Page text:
They also spoke highly about his teaching skills, noting that he would oftentimes dramatise his lessons to ensure that they understood, and would not move on unless they did. And, if they did not fully understand a topic he would invite them to his maths class, which he kept at his home on Tuesdays, Thursdays, and Saturdays for Grade Six Achievement Test and Caribbean Secondary Examination Certificate students.
“Mi still nuh believe say him gone,” Rajeim Gordon said,
“Mi haffi go wait till funeral day when mi see him in the coffin,” Wright added.
The light-hearted mood eventually changed shortly after Howell’s wife started speaking with them. Many broke down in tears. Some cried aloud, while a few of the male students hurriedly left the classroom.
There were no dry eyes among the teachers either, including Principal Garth Gayle.
Some teachers sought to comfort the students.
Among them was Kaliah Gordon, an English teacher whom Howell had taught.
“He was very compassionate… just selfless. He taught me that teaching is not just a calling, it’s lifestyle. I can remember a time when someone had misbehaved in class and after reprimanding that student he apologised,” she told the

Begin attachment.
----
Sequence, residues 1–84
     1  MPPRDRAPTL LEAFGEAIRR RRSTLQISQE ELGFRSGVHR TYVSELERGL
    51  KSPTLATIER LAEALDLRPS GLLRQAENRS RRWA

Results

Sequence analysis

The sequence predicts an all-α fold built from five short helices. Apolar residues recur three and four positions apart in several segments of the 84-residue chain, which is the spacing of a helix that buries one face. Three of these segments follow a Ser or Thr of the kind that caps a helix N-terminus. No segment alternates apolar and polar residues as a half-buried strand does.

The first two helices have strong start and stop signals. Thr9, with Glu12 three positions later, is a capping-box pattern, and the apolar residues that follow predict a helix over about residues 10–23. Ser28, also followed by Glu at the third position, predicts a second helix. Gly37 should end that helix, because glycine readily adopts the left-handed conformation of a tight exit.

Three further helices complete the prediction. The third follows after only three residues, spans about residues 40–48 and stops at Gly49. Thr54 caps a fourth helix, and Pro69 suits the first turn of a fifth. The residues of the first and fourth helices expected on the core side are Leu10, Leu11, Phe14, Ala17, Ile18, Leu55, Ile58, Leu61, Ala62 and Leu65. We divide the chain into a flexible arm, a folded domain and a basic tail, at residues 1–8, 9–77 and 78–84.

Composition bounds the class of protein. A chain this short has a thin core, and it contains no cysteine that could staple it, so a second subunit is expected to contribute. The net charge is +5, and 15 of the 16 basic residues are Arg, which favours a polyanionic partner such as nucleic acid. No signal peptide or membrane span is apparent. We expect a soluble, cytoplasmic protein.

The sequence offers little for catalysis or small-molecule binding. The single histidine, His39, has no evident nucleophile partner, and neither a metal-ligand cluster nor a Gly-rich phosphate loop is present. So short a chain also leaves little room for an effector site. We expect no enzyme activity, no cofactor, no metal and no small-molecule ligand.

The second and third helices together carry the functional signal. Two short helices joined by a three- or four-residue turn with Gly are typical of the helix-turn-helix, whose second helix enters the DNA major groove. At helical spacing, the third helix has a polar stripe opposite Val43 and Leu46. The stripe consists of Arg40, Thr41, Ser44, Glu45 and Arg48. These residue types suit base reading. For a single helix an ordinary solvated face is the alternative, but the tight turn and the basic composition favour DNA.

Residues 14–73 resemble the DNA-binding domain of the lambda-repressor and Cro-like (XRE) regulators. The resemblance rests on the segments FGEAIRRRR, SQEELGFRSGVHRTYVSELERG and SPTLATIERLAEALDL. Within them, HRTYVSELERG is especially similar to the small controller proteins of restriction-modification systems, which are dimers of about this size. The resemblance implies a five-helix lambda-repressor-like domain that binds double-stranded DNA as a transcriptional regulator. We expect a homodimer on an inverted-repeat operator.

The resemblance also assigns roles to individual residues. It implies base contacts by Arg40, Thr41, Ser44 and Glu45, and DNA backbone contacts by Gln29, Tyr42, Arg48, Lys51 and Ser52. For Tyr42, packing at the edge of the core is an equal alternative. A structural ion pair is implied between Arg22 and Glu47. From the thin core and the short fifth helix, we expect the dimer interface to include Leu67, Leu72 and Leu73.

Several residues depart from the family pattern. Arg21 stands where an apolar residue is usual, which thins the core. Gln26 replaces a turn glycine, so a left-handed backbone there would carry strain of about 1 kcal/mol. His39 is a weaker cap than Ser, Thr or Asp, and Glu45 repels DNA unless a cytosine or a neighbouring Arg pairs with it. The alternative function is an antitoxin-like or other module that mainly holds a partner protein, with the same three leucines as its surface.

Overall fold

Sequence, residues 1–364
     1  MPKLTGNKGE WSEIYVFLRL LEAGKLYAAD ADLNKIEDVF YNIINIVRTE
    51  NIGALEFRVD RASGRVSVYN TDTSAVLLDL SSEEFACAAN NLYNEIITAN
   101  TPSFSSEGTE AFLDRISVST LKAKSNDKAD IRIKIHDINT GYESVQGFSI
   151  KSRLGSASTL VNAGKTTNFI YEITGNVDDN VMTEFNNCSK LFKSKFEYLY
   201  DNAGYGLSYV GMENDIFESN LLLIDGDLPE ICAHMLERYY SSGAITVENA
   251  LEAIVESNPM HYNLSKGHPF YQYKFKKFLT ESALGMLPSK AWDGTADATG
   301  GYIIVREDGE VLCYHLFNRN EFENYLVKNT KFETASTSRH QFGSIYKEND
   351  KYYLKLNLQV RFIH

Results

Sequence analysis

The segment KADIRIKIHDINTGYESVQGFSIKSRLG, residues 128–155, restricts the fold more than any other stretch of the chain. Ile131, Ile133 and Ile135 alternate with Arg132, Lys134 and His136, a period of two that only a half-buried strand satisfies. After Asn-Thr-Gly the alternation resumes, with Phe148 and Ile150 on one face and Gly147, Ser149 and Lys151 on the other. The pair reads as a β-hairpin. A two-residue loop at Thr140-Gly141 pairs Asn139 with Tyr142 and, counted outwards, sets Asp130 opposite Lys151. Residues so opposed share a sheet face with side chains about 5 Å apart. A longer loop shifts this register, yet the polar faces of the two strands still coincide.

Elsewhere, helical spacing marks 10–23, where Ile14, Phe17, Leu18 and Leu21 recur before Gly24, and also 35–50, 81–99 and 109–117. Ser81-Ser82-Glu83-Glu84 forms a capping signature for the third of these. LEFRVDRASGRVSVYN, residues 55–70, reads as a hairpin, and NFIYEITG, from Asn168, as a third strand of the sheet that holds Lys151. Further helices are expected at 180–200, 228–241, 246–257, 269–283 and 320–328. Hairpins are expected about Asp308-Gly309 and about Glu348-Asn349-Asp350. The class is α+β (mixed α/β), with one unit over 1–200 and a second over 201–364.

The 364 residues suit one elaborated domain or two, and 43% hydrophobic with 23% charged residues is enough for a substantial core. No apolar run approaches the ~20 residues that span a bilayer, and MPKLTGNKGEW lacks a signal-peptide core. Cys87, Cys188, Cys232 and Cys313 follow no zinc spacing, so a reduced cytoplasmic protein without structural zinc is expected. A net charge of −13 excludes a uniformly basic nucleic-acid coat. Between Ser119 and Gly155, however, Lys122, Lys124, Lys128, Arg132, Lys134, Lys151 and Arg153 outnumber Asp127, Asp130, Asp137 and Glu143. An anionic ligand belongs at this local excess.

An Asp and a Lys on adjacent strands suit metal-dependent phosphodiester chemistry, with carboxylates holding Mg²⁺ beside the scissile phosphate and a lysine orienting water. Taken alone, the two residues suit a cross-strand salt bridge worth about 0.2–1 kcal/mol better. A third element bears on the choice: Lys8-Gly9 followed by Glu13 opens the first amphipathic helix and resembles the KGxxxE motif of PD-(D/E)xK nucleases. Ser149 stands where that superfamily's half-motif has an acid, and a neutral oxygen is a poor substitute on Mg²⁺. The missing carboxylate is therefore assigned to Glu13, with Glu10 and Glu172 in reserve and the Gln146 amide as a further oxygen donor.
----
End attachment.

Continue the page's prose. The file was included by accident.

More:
Observer before succumbing to tears.
Principal Gayle, whose eyes were red from crying, sniffled as he tried to hold back tears. However, he lost that fight as he reflected on Howell’s life.
“It was a sad news [that] greeted the family; first that he was missing, and then another sad news that he was murdered,” Gayle said.
“It is very sad because Mr Howell grew with us here at Charlemont. From all information he has been with us in the community and at the school from he was 19, and it will be very difficult to replace him,” Gayle said.
“This has been the only job that he has known, and he was very remarkable at it. Our present head boy, whom he has impacted, said that he doesn’t know what to do now because his maths master has died,” the principal added.
Gayle said Howell will be remembered for his contribution, especially in the area of maths, and the school will be doing something in his honour to keep his memory alive.
According to the principal, one suggestion is to stage a march in the community.
“Something needs to be said about these wanton killings. How could someone seek to snuff out such a life that is making such a positive impact in the community?” he asked.
“He was very dynamic and he would always go beyond the call of duty.”
“This is the second sad moment for me in my 30 years of teaching, because I lost a parent to gun violence while I was at Angels Primary and I never thought I would have to relive this moment. But we just have to continue to find that energy and believe in the Lord, and if there’s ever a time we need to bond as family, now is the time,” Gayle said as tears welled up in his eyes.
“But while we mourn, we will be happy because the Lord gave him to us and He knows best,” he added.
Board Chairman Professor Colin Gyles, who visited the school with other board members and grief counsellors, said Howell was a very integral part of the school and will be sorely missed.